earnings reports

Ayala profits decline 51% in 2020, capex higher for 2021

Ralf Rivas
Ayala Corporation president and COO Fernando Zobel de Ayala expects the Philippine economy to fully recover by 2022

Ayala Corporation saw its profits dip by 51% to P17.1 billion in 2020 from the P35.3 billion it earned in 2019, as all of its businesses were heavily impacted by the coronavirus pandemic.

The conglomerate, however, noted recovery in the 4th quarter, with core net income growing 46% to P6.8 billion, as quarantine and mobility restrictions eased during the period.

“Our sequential growth in the 4th quarter reflects a recovery in consumer confidence that has started to show in the latter part of 2020. We expect this trajectory to continue and lead to a full economic revival by 2022 as mobility further improves and as the country executes on the vaccination rollout as planned,” Ayala president and chief operating officer Fernando Zobel de Ayala said in a statement on Thursday, March 11.

Ayala hiked its capital expenditures for 2021, allocating P196 billion. Of this amount, P11.5 billion has been earmarked under the parent company to support emerging businesses in its portfolio.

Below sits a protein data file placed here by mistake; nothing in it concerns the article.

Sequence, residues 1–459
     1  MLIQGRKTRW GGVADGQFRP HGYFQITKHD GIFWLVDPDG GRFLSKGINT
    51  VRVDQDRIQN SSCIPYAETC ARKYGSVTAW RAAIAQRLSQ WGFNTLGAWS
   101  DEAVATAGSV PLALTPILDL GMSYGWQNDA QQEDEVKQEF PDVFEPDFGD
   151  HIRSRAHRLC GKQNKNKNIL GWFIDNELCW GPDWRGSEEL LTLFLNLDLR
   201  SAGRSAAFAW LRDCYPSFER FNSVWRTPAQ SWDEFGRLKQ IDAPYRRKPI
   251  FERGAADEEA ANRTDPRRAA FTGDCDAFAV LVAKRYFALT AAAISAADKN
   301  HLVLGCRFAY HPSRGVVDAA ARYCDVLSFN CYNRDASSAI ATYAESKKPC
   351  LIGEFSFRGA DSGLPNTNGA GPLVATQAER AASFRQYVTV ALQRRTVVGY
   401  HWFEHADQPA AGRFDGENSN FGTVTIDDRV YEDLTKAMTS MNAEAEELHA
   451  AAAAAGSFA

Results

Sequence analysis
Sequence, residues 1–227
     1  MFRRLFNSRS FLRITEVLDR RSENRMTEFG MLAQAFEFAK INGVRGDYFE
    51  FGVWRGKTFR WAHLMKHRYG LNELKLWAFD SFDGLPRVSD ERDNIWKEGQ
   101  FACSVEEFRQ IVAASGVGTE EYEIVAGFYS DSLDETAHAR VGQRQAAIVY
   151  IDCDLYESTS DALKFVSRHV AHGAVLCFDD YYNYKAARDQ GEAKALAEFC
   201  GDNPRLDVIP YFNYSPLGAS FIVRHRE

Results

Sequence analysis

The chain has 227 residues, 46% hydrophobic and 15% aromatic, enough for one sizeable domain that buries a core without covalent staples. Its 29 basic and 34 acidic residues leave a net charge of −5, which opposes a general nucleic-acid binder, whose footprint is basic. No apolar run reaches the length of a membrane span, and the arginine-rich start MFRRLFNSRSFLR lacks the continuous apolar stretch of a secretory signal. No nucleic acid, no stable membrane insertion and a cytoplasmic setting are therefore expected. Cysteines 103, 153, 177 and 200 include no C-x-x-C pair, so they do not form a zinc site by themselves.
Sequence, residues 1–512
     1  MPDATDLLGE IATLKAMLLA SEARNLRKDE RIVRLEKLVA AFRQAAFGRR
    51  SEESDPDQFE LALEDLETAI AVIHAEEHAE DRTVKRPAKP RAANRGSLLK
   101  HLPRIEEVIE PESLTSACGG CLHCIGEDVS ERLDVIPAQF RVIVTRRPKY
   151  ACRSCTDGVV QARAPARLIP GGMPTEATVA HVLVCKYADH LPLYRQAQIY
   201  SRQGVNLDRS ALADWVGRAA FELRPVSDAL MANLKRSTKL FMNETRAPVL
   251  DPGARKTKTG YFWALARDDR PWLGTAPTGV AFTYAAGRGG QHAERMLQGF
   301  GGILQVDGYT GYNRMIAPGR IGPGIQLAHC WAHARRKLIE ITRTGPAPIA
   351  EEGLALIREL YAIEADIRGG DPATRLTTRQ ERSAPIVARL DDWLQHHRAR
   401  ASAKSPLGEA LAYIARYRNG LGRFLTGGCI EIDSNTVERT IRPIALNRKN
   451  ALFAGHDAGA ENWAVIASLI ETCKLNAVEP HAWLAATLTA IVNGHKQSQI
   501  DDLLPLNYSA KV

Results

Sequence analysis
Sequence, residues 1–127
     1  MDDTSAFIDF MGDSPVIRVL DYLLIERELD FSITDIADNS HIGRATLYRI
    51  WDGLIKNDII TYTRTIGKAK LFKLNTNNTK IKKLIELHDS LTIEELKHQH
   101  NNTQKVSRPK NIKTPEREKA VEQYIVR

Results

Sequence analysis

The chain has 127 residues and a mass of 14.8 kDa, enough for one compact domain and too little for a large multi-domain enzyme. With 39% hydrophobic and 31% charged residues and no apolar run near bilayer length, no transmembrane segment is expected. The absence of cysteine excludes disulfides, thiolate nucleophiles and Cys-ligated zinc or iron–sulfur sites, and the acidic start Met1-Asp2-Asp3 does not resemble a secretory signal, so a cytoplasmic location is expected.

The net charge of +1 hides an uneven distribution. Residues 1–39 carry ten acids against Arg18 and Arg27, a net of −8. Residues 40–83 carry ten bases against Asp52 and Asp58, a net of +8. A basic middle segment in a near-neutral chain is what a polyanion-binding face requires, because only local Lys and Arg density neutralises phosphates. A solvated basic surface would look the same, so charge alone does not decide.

Here’s how Ayala’s businesses performed in 2020:

Ayala Land – Due to the COVID-19 pandemic, it posted a 74% drop in net income to P8.7 billion.

Bank of the Philippine Islands – BPI’s income dipped by 26% to P21.4 billion, as it increased its loan loss provisions to P28 billion in anticipation of an increase in non-performing loans.

Globe Telecom – The Ayala-led telco saw net income dropping by 16% to P18.6 billion, driven by a moderate decline in gross service revenues, higher depreciation expenses from its network investments, and higher non-operating expenses.

AC Energy – It recorded a 75% drop in net income to P6.2 billion.

AC Industrials – It narrowed its net loss to P1.8 billion in 2020 from P2.4 billion in 2019, as Integrated Micro-Electronics and MT Group’s performance improved.

Manila Water – Its net income decreased by 18% to P4.5 billion, mainly due to a one-off recognition for additional estimates for probable losses, as well as lower contributions from its domestic subsidiaries due to the pandemic. – Rappler.com

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author

Ralf Rivas

A sociologist by heart, a journalist by profession. Ralf is Rappler's business reporter, covering macroeconomy, government finance, companies, and agriculture.